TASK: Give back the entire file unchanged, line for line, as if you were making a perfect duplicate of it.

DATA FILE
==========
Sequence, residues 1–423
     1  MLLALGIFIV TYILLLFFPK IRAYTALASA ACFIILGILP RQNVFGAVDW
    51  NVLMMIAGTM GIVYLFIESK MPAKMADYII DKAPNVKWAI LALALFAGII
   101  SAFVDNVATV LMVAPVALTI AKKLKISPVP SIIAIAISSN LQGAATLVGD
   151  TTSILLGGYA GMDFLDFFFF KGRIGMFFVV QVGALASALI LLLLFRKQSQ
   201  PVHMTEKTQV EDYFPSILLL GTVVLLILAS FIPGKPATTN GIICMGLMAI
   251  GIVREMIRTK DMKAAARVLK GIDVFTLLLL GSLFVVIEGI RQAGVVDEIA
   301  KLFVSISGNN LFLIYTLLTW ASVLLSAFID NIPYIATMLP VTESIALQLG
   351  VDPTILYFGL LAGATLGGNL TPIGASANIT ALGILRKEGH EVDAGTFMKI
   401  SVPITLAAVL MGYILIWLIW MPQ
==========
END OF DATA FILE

Sequence, residues 1–423
     1  MLLALGIFIV TYILLLFFPK IRAYTALASA ACFIILGILP RQNVFGAVDW
    51  NVLMMIAGTM GIVYLFIESK MPAKMADYII DKAPNVKWAI LALALFAGII
   101  SAFVDNVATV LMVAPVALTI AKKLKISPVP SIIAIAISSN LQGAATLVGD
   151  TTSILLGGYA GMDFLDFFFF KGRIGMFFVV QVGALASALI LLLLFRKQSQ
   201  PVHMTEKTQV EDYFPSILLL GTVVLLILAS FIPGKPATTN GIICMGLMAI
   251  GIVREMIRTK DMKAAARVLK GIDVFTLLLL GSLFVVIEGI RQAGVVDEIA
   301  KLFVSISGNN LFLIYTLLTW ASVLLSAFID NIPYIATMLP VTESIALQLG
   351  VDPTILYFGL LAGATLGGNL TPIGASANIT ALGILRKEGH EVDAGTFMKI
   401  SVPITLAAVL MGYILIWLIW MPQ